Boycott China Products Images
The latest update by The Confederation of All India Traders (CAIT) on boycotting 3,000 Chinese products has taken its toll in the entire country post the border standoffs between India and China. The CAIT also started a national campaign called ‘Indian Goods- Our Pride’ to increase local goods and ban Chinese goods.
Now let us understand the practical impact and its impact in the future, both long-term and short-term.
Spurning Chinese products is the first thing that comes under the Government’s eye as Chinese products share a big market of our customers as they are way too cheaper than our products. The benefits of boycotting Chinese products are going to help our Indian local businesses only in the long run.
Analyzing the flip side:-
This will make a huge hike in the cost of Indian products being India imports many raw materials from China only. This move is called a politically inspired campaign as it sounds more impractical than realistic. Chinese products ban will hurt these branches and that may result in a rise in the unemployment rates.
Lack of success of past such campaigns:-
From records, it does not seem a bit pragmatic for India to implement so quickly this campaign. However, we can always look at the reasons that went wrong in the cases and learn from them so that the implementation can be more effective.
How to Snub China and ensure the Victory on this Campaign:-
The ‘Systematic Way’ of appeal propose to snub using software that is made in China in a week, hardware in one year time, finished products and non-essential items to be also snubbed in a year time, and gradually once we are used to these, we can move to snub essential products and raw materials in the coming few years. The Indian government should come up with a plan where local industries and businesses are encouraged to manufacture the products that are being imported from China also by reducing loan interest rates.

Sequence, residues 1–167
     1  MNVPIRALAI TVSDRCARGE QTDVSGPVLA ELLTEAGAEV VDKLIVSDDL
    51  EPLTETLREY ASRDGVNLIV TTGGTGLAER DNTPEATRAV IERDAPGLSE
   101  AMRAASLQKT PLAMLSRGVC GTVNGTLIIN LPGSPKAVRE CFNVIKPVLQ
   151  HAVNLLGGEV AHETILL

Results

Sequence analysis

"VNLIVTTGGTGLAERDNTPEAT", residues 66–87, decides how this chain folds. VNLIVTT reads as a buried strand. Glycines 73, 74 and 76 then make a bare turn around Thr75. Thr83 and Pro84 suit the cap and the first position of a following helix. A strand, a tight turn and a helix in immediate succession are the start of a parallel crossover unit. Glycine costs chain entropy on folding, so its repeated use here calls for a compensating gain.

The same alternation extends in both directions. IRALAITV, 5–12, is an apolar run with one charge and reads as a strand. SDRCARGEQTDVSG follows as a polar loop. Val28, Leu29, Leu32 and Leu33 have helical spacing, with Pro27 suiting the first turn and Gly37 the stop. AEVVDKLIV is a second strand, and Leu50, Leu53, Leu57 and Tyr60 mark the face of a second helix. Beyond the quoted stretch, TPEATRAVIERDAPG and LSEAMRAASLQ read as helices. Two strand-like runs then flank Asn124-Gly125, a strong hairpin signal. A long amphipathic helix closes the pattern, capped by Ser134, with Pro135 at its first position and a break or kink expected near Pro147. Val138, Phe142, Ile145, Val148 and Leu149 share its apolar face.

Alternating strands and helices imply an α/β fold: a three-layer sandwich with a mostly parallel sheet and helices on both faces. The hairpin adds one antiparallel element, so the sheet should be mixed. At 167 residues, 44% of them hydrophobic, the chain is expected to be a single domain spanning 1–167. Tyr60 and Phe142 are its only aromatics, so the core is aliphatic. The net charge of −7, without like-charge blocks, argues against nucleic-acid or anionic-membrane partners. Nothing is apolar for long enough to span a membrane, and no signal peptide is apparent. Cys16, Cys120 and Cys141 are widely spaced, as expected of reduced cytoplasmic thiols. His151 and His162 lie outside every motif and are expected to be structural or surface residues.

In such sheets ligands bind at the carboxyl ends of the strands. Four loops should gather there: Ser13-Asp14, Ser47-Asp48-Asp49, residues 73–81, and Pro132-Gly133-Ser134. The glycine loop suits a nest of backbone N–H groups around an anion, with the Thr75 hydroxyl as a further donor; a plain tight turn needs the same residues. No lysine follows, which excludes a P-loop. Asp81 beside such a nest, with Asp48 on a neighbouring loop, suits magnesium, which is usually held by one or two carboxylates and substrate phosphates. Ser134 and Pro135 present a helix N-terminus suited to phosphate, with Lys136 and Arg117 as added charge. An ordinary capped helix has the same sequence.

As citizens, our donation can be in the form of getting used to other alternates and slowly avoiding Chinese goods to promote our local businesses, and it is indeed everyone’s duty. The government’s role in this is to provide necessary support – financial or otherwise, robust infrastructure and constant efforts to make our manufacturing industry compatible to produce cheaper products with no compromise on quality. With the combined efforts and systematic boycott approach, we will be able to make it reach its expected level.
At last, my final concern is to let us encourage ‘Make In India’ and start a ‘vocal for local’ campaign.